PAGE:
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Moving forward moving backward: Directional sorting of chemotactic cells due to size and adhesion differences

Kafer, J., Hogeweg, P. and Maree, A.F.M. ORCID: 2006. Moving forward moving backward: Directional sorting of chemotactic cells due to size and adhesion differences. PLoS Computational Biology 2 (6) , 0518-0529. 10.1371/journal.pcbi.0020056

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Differential movement of individual cells within tissues is an important yet poorly understood process in biological development. Here we present a computational study of cell sorting caused by a combination of cell adhesion and chemotaxis, where we assume that all cells respond equally to the chemotactic signal. To capture in our model mesoscopic properties of biological cells, such as their size and deformability, we use the Cellular Potts Model, a multiscale, cell-based Monte Carlo model. We demonstrate a rich array of cell-sorting phenomena, which depend on a combination of mescoscopic cell properties and tissue level constraints. Under the conditions studied, cell sorting is a fast process, which scales linearly with tissue size. We demonstrate the occurrence of “absolute negative mobility”, which means that cells may move in the direction opposite to the applied force (here chemotaxis). Moreover, during the sorting, cells may even reverse the direction of motion. Another interesting phenomenon is “minority sorting”, where the direction of movement does not depend on cell type, but on the frequency of the cell type in the tissue. A special case is the cAMP-wave-driven chemotaxis of Dictyostelium cells, which generates pressure waves that guide the sorting. The mechanisms we describe can easily be overlooked in studies of differential cell movement, hence certain experimental observations may be misinterpreted.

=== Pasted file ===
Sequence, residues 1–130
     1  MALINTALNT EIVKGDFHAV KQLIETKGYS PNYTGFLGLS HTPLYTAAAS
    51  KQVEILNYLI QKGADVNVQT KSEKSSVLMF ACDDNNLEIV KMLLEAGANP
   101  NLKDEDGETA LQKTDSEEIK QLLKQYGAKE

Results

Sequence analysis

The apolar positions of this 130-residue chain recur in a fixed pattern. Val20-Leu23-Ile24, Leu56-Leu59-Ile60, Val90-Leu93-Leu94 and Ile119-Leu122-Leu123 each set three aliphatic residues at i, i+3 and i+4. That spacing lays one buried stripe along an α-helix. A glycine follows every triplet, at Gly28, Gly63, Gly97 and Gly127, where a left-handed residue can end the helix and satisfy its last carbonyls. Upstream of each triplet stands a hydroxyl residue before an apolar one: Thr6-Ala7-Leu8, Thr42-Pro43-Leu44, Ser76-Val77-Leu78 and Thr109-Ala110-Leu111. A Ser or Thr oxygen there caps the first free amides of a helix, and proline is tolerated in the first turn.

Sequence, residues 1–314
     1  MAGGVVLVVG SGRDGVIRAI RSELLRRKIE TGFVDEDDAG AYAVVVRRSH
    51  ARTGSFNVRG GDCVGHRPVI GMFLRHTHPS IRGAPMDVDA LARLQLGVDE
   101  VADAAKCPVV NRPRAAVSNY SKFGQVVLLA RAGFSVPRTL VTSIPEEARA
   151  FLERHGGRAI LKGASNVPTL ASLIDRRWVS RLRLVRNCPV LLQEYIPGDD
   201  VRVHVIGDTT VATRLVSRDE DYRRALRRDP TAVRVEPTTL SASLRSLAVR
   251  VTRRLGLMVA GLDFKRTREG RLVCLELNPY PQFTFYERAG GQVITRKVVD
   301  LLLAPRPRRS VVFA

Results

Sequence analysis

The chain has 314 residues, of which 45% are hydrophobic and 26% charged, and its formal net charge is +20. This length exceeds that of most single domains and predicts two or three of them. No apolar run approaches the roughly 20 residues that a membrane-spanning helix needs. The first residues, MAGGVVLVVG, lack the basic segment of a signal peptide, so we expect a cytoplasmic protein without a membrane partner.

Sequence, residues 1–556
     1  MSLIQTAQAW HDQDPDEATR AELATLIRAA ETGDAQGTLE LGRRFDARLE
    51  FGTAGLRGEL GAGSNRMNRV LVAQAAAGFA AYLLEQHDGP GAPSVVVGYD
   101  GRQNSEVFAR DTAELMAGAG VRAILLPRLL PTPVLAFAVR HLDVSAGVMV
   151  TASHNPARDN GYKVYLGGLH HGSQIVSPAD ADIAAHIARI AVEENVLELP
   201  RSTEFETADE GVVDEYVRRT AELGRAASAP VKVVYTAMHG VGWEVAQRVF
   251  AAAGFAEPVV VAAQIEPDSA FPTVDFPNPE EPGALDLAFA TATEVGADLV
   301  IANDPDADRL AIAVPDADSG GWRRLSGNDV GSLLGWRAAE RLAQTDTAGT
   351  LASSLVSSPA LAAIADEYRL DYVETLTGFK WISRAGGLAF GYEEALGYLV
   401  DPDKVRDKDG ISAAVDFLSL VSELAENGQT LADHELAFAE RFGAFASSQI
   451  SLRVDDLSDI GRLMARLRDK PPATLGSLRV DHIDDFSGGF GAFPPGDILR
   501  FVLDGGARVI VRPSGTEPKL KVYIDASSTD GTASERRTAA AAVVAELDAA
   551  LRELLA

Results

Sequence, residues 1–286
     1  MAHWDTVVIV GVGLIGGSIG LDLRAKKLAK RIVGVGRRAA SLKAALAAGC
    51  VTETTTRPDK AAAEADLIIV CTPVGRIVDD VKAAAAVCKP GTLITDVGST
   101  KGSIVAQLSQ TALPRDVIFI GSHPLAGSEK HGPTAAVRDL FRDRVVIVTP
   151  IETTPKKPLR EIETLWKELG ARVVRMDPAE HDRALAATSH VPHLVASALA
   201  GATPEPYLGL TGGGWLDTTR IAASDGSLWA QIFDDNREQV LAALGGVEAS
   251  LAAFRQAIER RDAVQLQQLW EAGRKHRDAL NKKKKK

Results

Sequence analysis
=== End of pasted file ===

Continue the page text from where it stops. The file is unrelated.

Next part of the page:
Item Type: Article
Date Type: Publication
Status: Published
Schools: Biosciences
Publisher: Public Library of Science
ISSN: 1553-734X
Last Modified: 25 Oct 2022 13:19

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